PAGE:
Chapter

Conclusions

Theodor Meron

in Henry's Wars and Shakespeare's Laws

Published in print December 1993 | ISBN: 9780198258117
Published online March 2012 | e-ISBN: 9780191681790 | DOI: http://dx.doi.org/10.1093/acprof:oso/9780198258117.003.0012
Conclusions

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Because of the various attributes of medieval society and the nature of medieval society, the events discussed in this book did not serve as a perfect venue for coming up with understandable, reasonable, and humane laws of war. Since there was a great number of states that could be perceived to be equal, the government had to rely on certain hierarchical relations which involved both princes and knights. As the concept of sovereignty is obscured by how knights are treated as higher beings than those who express national loyalty, there is no definite way of distinguishing civil wars from international wars. As such, there was a multitude of misused concepts as a result of the lack of comprehensible distinction. Soon after that, however, medieval society was finally able to come up with a generally accepted artificial distinction between field combat and sieges. The norms within laws of war served as more than just abstract ideas, and as such were imposed by means of military discipline, and various courts.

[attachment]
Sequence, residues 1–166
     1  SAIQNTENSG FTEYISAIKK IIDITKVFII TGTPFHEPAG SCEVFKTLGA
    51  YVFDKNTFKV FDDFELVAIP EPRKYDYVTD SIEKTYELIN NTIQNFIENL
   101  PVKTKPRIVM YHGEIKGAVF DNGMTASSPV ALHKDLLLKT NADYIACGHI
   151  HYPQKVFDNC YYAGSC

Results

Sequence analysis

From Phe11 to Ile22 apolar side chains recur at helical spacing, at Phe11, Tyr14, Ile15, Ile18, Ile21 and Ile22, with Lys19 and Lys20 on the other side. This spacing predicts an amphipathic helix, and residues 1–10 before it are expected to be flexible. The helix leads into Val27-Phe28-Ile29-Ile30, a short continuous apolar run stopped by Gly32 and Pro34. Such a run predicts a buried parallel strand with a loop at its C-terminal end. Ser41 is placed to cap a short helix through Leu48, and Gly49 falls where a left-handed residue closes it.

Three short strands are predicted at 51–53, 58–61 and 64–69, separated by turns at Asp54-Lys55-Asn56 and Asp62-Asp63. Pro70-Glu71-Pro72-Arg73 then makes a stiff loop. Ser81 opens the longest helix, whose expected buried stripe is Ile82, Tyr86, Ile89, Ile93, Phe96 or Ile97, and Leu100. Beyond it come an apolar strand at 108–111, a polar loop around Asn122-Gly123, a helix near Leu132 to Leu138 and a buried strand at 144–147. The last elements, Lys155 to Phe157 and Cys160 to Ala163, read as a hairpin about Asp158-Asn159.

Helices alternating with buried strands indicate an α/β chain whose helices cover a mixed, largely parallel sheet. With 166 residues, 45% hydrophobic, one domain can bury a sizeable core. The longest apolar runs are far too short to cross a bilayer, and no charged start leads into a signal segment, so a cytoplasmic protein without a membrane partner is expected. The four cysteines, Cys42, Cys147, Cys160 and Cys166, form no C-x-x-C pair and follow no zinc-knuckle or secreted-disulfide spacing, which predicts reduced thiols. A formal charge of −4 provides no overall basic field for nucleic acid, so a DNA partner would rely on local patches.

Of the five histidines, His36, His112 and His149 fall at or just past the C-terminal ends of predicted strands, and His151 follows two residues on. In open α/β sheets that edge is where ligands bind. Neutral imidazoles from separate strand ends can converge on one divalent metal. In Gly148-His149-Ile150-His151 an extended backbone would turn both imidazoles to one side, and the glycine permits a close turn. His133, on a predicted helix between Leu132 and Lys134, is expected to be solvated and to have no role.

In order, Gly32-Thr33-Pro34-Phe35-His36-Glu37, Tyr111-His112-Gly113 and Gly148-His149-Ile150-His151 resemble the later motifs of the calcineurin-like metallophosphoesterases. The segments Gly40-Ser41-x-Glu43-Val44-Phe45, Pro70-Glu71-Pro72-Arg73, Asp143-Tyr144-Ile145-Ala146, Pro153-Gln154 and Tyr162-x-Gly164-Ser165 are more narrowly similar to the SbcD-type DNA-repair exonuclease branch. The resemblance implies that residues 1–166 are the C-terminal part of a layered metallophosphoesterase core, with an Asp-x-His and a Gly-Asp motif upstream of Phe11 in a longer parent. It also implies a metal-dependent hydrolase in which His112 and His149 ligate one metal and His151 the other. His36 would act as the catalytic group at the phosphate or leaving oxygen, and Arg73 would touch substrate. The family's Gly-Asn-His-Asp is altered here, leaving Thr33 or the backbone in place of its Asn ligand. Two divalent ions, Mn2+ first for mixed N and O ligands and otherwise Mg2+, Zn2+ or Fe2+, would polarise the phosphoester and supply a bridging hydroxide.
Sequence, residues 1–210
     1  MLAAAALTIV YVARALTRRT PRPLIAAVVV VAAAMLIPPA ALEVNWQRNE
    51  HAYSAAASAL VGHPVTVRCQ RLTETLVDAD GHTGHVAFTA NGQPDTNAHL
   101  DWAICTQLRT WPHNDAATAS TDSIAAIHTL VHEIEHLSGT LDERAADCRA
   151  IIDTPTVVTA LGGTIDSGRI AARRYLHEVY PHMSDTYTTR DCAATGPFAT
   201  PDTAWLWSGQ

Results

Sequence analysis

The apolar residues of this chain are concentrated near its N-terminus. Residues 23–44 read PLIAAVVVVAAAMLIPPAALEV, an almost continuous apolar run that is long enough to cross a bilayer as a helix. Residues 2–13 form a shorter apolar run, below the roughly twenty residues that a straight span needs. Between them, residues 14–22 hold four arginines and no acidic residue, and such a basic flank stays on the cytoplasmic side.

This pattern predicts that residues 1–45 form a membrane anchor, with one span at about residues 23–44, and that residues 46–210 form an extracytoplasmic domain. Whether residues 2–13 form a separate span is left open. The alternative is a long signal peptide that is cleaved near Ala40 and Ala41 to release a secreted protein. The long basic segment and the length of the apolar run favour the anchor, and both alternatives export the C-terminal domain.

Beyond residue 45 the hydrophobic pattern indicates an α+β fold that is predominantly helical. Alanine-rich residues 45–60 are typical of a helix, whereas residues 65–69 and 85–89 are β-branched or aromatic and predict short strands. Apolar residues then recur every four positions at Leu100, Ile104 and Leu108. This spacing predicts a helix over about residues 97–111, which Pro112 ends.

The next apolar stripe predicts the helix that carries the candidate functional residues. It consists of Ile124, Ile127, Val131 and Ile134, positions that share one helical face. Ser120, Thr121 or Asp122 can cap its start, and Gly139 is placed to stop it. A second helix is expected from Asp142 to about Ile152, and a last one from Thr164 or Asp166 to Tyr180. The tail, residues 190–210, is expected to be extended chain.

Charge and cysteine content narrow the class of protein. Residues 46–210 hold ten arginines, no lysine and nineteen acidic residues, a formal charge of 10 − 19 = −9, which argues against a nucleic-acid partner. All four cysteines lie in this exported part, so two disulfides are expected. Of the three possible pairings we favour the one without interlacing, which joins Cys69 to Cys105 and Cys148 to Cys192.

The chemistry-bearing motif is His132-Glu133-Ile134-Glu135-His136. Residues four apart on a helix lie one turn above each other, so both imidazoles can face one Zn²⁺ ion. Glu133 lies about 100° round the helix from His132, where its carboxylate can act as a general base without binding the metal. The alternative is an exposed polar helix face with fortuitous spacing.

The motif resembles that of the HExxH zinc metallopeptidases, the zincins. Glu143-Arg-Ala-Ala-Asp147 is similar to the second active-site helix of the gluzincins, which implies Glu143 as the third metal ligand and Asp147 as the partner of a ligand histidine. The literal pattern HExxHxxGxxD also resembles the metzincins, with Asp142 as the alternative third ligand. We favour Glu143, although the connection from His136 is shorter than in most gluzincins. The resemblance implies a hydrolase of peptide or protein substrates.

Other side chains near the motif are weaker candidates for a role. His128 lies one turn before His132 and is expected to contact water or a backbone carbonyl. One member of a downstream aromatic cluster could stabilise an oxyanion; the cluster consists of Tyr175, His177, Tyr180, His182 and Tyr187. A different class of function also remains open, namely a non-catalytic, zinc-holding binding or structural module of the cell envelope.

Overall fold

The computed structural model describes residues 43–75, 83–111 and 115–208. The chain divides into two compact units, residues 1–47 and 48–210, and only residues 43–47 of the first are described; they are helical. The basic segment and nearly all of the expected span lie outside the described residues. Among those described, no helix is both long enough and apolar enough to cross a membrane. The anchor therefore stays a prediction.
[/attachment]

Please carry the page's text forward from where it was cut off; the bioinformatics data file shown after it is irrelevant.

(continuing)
Keywords: medieval society; laws of war; distinction; hierarchical relations; knights; princes; national loyalty; military discipline; artificial distinction

Chapter.  3402 words. 

Subjects: Public International Law

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